What is the difference between a psychotherapist, a psychologist and a psychiatrist?
A Psychiatrist is a medical doctor (MD) specializing in psychiatry (the study of abnormal behaviour and mental illness) who is licensed to prescribe medication (psychopharmacology therapies) for medical disorders of varying magnitudes. As medical doctors first and foremost, it is understandable that the majority of psychiatrists will closely adhere to the medical model that proposes the usefulness of thinking in terms of abnormal behaviour as a disease, which is a significant progress from pre-18th century conceptions that were based on superstition - possession, demons, witches and punishments from God.
In recent decades, some critics have suggested that the medical model may have outlived it’s usefulness, since strictly speaking, disease or illness can affect only the body, hence minds can only be sick in the way that some jokes are “sick” or economies are “sick”. Abnormal behaviour may be considered as a deviation from social or cultural norms rather than an illness, and therefore “problems with living” rather than medical problems, are more aligned to psychotherapy than medical treatments.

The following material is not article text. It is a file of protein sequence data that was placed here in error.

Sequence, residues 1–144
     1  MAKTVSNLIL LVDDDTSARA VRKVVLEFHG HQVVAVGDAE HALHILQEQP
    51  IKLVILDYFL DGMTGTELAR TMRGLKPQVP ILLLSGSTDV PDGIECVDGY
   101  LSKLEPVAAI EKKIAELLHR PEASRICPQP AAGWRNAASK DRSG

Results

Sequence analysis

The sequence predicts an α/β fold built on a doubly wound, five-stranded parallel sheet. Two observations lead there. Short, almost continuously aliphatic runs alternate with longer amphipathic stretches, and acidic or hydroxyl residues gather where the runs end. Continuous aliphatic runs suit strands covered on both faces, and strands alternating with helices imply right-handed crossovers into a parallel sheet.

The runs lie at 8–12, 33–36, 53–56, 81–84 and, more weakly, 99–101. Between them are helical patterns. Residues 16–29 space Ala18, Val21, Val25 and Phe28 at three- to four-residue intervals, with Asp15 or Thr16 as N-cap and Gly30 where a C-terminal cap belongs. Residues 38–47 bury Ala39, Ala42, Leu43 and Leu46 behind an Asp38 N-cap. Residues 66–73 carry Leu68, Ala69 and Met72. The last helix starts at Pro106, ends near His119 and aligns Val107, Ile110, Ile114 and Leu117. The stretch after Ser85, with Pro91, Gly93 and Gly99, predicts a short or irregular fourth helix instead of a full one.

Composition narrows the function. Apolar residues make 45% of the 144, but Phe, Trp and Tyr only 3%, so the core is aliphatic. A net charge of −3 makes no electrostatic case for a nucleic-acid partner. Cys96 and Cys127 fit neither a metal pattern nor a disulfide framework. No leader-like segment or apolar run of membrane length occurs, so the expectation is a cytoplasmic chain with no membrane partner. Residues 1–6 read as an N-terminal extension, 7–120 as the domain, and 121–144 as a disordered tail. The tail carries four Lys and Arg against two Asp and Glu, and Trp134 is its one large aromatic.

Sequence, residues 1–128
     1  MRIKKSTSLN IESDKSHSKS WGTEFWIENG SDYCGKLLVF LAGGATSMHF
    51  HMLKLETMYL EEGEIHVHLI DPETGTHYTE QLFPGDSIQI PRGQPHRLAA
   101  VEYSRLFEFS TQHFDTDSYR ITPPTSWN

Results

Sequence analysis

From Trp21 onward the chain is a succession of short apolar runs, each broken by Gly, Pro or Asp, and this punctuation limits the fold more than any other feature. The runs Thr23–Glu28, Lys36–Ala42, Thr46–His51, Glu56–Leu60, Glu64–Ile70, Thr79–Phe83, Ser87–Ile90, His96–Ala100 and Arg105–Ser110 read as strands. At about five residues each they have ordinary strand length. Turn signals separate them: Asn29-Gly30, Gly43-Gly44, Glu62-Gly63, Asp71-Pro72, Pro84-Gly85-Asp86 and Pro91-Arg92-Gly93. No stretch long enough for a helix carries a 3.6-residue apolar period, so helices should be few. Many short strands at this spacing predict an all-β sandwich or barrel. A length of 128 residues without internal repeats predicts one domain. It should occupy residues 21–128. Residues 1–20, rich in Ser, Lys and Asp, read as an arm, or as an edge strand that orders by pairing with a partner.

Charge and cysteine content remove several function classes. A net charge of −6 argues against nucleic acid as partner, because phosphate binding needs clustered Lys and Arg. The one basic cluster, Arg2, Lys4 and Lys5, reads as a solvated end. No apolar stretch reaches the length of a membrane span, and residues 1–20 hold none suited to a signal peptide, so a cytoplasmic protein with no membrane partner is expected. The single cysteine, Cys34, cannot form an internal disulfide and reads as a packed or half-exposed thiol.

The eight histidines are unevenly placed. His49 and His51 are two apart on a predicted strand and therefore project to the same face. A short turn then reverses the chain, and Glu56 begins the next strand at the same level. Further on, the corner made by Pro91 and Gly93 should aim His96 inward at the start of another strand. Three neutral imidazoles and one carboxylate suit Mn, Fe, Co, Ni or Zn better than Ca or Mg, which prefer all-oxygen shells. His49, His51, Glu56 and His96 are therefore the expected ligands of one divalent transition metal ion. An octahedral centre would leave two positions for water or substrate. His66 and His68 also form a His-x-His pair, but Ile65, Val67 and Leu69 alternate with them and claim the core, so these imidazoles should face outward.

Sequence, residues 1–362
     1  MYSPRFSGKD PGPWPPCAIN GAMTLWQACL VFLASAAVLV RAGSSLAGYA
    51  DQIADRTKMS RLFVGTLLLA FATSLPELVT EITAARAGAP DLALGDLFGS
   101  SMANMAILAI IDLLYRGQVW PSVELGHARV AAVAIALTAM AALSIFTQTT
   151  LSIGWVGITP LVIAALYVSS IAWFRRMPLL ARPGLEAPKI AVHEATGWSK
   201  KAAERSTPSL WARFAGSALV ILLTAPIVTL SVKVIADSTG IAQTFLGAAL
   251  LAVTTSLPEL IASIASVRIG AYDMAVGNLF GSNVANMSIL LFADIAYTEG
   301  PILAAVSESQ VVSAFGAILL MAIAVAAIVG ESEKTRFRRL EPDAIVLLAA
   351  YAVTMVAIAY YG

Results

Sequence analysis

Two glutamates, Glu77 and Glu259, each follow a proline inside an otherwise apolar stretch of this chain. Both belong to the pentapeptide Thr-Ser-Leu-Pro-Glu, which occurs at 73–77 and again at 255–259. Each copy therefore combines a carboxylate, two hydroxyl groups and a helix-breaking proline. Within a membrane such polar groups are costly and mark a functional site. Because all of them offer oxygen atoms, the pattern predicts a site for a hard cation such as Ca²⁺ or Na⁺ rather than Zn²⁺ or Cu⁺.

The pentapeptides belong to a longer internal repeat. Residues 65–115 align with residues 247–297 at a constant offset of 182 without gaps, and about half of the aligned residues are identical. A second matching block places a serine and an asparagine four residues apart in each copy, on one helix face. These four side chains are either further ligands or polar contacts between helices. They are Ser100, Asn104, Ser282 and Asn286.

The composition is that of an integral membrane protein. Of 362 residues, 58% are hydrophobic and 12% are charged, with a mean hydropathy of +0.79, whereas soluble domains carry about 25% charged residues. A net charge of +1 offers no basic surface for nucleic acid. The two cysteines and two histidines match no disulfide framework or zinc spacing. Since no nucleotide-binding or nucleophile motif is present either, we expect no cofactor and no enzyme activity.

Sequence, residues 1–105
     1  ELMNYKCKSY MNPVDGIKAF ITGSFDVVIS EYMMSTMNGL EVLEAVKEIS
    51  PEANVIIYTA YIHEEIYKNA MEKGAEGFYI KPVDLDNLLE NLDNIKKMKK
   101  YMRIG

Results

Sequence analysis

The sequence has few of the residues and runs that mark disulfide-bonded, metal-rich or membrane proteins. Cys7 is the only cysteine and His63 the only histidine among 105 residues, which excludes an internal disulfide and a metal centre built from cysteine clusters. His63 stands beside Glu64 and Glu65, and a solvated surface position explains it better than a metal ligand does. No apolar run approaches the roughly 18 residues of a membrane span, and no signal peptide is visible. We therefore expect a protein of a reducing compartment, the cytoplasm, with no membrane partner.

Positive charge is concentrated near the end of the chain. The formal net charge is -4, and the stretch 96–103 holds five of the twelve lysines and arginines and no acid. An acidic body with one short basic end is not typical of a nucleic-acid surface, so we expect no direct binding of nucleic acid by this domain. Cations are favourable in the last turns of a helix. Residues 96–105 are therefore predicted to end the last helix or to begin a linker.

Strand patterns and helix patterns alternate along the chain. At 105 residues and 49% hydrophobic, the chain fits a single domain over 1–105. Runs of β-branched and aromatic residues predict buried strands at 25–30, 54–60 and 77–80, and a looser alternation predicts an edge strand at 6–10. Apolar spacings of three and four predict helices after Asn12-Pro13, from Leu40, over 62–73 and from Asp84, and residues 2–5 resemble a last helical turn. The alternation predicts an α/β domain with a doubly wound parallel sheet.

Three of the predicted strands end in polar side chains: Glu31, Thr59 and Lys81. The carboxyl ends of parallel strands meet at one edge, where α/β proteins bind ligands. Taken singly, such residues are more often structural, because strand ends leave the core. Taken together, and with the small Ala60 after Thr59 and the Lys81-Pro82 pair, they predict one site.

With the increased emphasis on the treatment or psychological disorders using drug therapies, fewer and fewer psychiatrists are providing psychotherapy services as a “talking” alternative, but they are covered under OHIP, so you might find a very high demand for their services and you may possibly experience quite a long wait. They are unlikely to be available outside of regular office hours and you will need to be referred to a psychiatrist accepting new patients by your family doctor or have your name on a waiting list with a psychiatry association for a referral to one of their available members.
A Psychologist is someone that applies psychological research, theories and techniques to mental health issues, psychology being the study of human behaviour. Psychologists are not licensed to prescribe medication as an alternative to psychoanalytical cures, but they are licensed to administer psychological assessments and diagnose various psychological conditions. Because of the strong emphasis on the medical model in psychology studies, you may find a great number of psychologists have a tendency to work and think in terms of diagnostic labels and treatment plans, but certainly not all psychologists, particularly those with a relational bias to their training and client work. Many do engage in insight therapies which involve verbal interactions or talking cures.